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Broadcast Ownership Regulation in a Border Era: An Analysis of how the U.S. Federal Communications Commission is Shaping the Debate on Broadcast Ownership Limits
Unformatted Document Text:  10 especially why some issues make it onto the policy agenda while others remain unaddressed, Kingdon notes that “the president may be able to dominate and even determine the policy agenda, but is unable to dominate the alternatives that are seriously considered” (1995, p. 23). Because “the detailed negotiations—with the departments, the Hill, and the major special interest groups” are left to presidential staffers Kingdon argues that it is they who play a more important role in influencing the alternatives that are given serious consideration (1995, p. 27). Kingdon goes on to note that political appointees, including those in senior positions in executive branch agencies, also have the power to set policy agendas, provided their goals comport with those of the administration they serve (1995, pp. 27-30). When it comes to influencing the alternatives being actively considered Kingdon argues that career civil servants may have more power. “It is quite common for the higher-level appointees to define an agenda item and then to solicit the advice of careerists in drafting the proposals” (1995, p. 32). In the case of the broadcast ownership regulations it was not FCC Chairman Michael Powell who placed it on the FCC’s policy agenda. Rather, as was explained earlier, it was force of circumstances, including several court decisions and the requirement in the Telecommunications Act of 1996 for a biennial review of all FCC regulations that prompted action. Chairman Powell did, however, have the power to decide how the review process should be approached. FCC staffers assigned the task of conducting the twelve studies, or suggesting which outside parties should be invited to complete the commissioned studies, also had the power to influence which ideas from the policy primeval soup would be incorporated into the final law-making stage. Therefore, the following sections of this paper do not review the validity of the arguments used in the twelve studies. Many others will have done this during the comment

Authors: Blevins, Jeffrey. and Brown, Duncan.
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10
especially why some issues make it onto the policy agenda while others remain unaddressed,
Kingdon notes that “the president may be able to dominate and even determine the policy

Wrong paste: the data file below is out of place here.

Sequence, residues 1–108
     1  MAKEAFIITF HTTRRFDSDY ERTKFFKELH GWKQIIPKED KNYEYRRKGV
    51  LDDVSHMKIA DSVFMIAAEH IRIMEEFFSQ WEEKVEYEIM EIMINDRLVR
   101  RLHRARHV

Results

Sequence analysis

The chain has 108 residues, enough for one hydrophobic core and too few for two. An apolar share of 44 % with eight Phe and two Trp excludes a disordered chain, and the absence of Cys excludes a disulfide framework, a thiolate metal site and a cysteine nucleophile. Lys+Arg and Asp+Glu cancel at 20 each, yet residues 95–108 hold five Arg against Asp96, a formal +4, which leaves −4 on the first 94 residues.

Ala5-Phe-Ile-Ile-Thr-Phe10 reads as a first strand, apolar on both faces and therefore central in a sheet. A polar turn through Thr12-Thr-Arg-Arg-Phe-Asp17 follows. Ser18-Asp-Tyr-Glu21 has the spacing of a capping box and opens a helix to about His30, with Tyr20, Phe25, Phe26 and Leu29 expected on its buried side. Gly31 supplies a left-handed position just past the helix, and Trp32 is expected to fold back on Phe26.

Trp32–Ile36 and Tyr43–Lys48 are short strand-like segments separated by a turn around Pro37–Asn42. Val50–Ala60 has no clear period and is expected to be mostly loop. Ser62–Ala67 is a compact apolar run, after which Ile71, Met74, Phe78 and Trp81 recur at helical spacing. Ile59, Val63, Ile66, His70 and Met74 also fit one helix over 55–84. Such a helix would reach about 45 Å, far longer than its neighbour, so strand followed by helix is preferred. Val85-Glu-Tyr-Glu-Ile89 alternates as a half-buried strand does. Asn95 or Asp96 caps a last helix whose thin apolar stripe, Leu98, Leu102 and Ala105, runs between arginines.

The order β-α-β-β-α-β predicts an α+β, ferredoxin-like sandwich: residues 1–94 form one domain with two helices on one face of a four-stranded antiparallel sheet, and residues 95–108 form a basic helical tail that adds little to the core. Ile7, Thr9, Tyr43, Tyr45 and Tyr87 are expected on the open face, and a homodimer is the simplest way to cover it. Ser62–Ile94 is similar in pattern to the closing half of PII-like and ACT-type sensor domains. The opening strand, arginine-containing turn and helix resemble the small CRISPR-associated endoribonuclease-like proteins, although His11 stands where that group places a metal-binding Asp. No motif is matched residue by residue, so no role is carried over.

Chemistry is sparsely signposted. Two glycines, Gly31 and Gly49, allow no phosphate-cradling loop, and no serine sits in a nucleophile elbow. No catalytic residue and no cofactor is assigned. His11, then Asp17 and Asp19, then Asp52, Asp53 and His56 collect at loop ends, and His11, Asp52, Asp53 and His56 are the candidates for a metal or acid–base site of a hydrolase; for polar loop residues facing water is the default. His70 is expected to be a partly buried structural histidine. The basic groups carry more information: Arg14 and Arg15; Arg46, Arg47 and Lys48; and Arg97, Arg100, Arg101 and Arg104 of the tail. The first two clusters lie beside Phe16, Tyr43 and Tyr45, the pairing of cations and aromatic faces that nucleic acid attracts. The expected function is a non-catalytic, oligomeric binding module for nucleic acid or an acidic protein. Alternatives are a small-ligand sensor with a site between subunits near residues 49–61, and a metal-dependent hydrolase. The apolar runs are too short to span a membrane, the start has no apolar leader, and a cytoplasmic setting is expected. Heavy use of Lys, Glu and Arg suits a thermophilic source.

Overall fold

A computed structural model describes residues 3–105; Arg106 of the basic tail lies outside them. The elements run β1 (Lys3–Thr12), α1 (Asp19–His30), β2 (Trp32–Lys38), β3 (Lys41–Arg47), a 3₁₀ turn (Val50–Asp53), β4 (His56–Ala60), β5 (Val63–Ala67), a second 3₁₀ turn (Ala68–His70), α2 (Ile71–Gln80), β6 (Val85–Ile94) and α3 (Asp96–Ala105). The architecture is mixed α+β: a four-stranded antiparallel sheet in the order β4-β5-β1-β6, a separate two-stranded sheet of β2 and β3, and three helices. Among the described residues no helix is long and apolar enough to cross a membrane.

agenda, but is unable to dominate the alternatives that are seriously considered” (1995, p. 23).
Because “the detailed negotiations—with the departments, the Hill, and the major special interest
groups” are left to presidential staffers Kingdon argues that it is they who play a more important
role in influencing the alternatives that are given serious consideration (1995, p. 27).
Kingdon goes on to note that political appointees, including those in senior positions in
executive branch agencies, also have the power to set policy agendas, provided their goals
comport with those of the administration they serve (1995, pp. 27-30). When it comes to
influencing the alternatives being actively considered Kingdon argues that career civil servants
may have more power. “It is quite common for the higher-level appointees to define an agenda
item and then to solicit the advice of careerists in drafting the proposals” (1995, p. 32).
In the case of the broadcast ownership regulations it was not FCC Chairman Michael
Powell who placed it on the FCC’s policy agenda. Rather, as was explained earlier, it was force
of circumstances, including several court decisions and the requirement in the
Telecommunications Act of 1996 for a biennial review of all FCC regulations that prompted
action. Chairman Powell did, however, have the power to decide how the review process should
be approached. FCC staffers assigned the task of conducting the twelve studies, or suggesting
which outside parties should be invited to complete the commissioned studies, also had the
power to influence which ideas from the policy primeval soup would be incorporated into the
final law-making stage.
Therefore, the following sections of this paper do not review the validity of the
arguments used in the twelve studies. Many others will have done this during the comment


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